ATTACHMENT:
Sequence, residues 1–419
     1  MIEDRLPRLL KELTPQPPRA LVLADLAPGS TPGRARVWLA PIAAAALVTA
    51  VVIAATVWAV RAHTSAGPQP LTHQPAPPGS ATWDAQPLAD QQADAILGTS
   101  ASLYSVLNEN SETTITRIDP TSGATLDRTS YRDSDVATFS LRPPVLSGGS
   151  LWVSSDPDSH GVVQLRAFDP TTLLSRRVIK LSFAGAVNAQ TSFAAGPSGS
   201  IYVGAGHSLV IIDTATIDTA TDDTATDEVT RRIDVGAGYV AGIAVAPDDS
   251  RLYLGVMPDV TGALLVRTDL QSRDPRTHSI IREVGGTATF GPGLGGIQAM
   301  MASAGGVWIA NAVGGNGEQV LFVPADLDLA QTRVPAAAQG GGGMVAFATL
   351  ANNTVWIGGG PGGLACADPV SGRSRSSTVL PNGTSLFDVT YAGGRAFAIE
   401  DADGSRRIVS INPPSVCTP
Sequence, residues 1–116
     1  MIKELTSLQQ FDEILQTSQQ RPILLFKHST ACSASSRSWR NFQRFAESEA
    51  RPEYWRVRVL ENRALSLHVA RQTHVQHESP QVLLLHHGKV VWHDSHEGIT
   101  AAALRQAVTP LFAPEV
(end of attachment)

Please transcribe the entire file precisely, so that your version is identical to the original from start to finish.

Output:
Sequence, residues 1–419
     1  MIEDRLPRLL KELTPQPPRA LVLADLAPGS TPGRARVWLA PIAAAALVTA
    51  VVIAATVWAV RAHTSAGPQP LTHQPAPPGS ATWDAQPLAD QQADAILGTS
   101  ASLYSVLNEN SETTITRIDP TSGATLDRTS YRDSDVATFS LRPPVLSGGS
   151  LWVSSDPDSH GVVQLRAFDP TTLLSRRVIK LSFAGAVNAQ TSFAAGPSGS
   201  IYVGAGHSLV IIDTATIDTA TDDTATDEVT RRIDVGAGYV AGIAVAPDDS
   251  RLYLGVMPDV TGALLVRTDL QSRDPRTHSI IREVGGTATF GPGLGGIQAM
   301  MASAGGVWIA NAVGGNGEQV LFVPADLDLA QTRVPAAAQG GGGMVAFATL
   351  ANNTVWIGGG PGGLACADPV SGRSRSSTVL PNGTSLFDVT YAGGRAFAIE
   401  DADGSRRIVS INPPSVCTP
Sequence, residues 1–116
     1  MIKELTSLQQ FDEILQTSQQ RPILLFKHST ACSASSRSWR NFQRFAESEA
    51  RPEYWRVRVL ENRALSLHVA RQTHVQHESP QVLLLHHGKV VWHDSHEGIT
   101  AAALRQAVTP LFAPEV